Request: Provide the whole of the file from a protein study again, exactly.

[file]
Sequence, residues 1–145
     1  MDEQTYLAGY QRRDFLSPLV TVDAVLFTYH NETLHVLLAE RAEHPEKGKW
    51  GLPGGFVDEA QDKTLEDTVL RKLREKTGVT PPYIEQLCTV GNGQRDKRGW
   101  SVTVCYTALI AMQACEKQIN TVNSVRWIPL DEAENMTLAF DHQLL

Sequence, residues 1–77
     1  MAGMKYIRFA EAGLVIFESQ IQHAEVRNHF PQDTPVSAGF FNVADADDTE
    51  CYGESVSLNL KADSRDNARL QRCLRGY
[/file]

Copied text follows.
Sequence, residues 1–145
     1  MDEQTYLAGY QRRDFLSPLV TVDAVLFTYH NETLHVLLAE RAEHPEKGKW
    51  GLPGGFVDEA QDKTLEDTVL RKLREKTGVT PPYIEQLCTV GNGQRDKRGW
   101  SVTVCYTALI AMQACEKQIN TVNSVRWIPL DEAENMTLAF DHQLL

Sequence, residues 1–77
     1  MAGMKYIRFA EAGLVIFESQ IQHAEVRNHF PQDTPVSAGF FNVADADDTE
    51  CYGESVSLNL KADSRDNARL QRCLRGY